Values, ethics and a new business ecosystem
HCT Group, By Dai Powell
HCT Group received a new round of social investment last week, with The Phone Co-op investing £500,000 of loan capital. It won’t be the largest investment deal done this week, perhaps not even the largest social investment deal done this week – but it is something both significant and immensely heartening.
I think it is significant – a leading co-op and social enterprise has chosen to invest cash surplus to their immediate requirements in another social enterprise. We’ll put that money to work, growing our business and increasing our social impact – and it will earn a decent return for the Phone Co-op. Can you imagine what would happen if other social enterprises and voluntary sector organisations followed suit, investing their reserves for a social as well as a financial return? The NCVO estimates that the UK voluntary sector held reserves of £48.8 billion in 2011/12; between us we should change the world!
There is always a lot of talk in the sector on social investment, is it good for the sector or not, will taking investment dilute the mission or divert attention from donors, whose money is (allegedly) free?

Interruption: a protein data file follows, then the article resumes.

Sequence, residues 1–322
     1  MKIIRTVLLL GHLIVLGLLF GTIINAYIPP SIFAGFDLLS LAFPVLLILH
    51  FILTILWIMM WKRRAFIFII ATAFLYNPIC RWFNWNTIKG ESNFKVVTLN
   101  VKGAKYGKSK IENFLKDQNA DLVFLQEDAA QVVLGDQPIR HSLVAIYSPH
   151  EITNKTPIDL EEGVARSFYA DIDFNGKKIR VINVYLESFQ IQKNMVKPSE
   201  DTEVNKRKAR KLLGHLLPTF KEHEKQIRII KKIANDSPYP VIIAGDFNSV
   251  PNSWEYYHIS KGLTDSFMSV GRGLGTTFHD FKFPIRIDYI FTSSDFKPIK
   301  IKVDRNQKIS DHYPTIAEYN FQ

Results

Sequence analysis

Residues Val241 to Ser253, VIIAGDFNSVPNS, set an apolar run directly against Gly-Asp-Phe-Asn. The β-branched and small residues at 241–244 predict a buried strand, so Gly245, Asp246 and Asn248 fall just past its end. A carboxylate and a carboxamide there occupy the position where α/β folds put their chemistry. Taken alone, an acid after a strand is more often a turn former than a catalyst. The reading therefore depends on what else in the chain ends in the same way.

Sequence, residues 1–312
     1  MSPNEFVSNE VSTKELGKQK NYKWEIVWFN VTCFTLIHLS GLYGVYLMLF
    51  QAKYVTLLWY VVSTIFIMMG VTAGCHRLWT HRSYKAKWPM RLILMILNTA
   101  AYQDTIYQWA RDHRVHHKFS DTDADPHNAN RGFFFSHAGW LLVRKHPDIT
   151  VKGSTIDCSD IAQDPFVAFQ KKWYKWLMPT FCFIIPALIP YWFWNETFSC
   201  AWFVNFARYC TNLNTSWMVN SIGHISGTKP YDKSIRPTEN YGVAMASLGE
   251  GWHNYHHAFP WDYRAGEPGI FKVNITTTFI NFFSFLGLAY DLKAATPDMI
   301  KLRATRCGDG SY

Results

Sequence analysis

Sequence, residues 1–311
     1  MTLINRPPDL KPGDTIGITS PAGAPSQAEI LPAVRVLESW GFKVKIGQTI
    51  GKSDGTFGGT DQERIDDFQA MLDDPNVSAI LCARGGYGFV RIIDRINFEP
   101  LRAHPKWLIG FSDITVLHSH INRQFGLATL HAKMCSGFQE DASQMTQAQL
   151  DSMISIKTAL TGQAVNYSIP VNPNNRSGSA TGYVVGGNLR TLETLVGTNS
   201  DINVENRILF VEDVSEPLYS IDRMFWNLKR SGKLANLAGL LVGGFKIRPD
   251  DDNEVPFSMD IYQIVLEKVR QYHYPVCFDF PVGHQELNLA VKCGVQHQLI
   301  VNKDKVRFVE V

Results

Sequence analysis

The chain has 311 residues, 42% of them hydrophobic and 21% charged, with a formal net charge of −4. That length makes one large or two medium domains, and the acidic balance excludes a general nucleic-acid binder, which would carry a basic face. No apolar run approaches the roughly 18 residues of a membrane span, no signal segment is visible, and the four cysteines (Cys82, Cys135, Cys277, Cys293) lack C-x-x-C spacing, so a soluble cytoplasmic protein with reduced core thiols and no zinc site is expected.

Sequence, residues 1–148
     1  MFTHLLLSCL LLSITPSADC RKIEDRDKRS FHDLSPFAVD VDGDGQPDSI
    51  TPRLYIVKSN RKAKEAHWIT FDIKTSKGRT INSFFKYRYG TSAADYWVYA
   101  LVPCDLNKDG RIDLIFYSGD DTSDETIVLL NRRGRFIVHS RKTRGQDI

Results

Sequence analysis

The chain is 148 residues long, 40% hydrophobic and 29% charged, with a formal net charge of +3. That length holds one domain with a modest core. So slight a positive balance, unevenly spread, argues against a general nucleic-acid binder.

I also heard a comment this week saying that it is not ethical to take social investment, arguing that it is wrong for anyone to make a return out of someone doing good, wrong to make a return from poverty or hardship and that all social investment does is commoditise disadvantage.
This is absolute and utter nonsense, if anything is commoditised it is the solutions to poverty, hardship and disadvantage – and who would not invest in that?
If the UK voluntary sector does have £48.8 billion on reserve, what is it doing with it? Investing only for financial return? Or is it investing for a social as well as a financial return. Is it investing to do bad, to do nothing or to do good? It seems strikingly obvious to me that many organisations need to look seriously at what they are trying to achieve and use their balance sheets as a positive to society.
We want a world where co-ops, social enterprises and the voluntary sector buy from each other, invest in one another, building a new business ecosystem based on values and ethics. With HCT and the Phone Co-op, this is two organisations putting their money where their mouth is.
It’s also heartening – we want to work with investors who share our values. It allows for real dialogue and a strong relationship built on trust, which actually reduces risk to both parties. When we first started seeking investment finance many years ago, there were very few places to go; now there are an increasing number of like-minded social investment organisations to work with – and organisations like the Phone Co-op, looking for a better home for cash which is surplus to their immediate requirements. There are also organisations who can help put these deals together – this one was with the help of ClearlySo. When you borrow, you are, in effect, buying money. When we borrow, we want to buy social.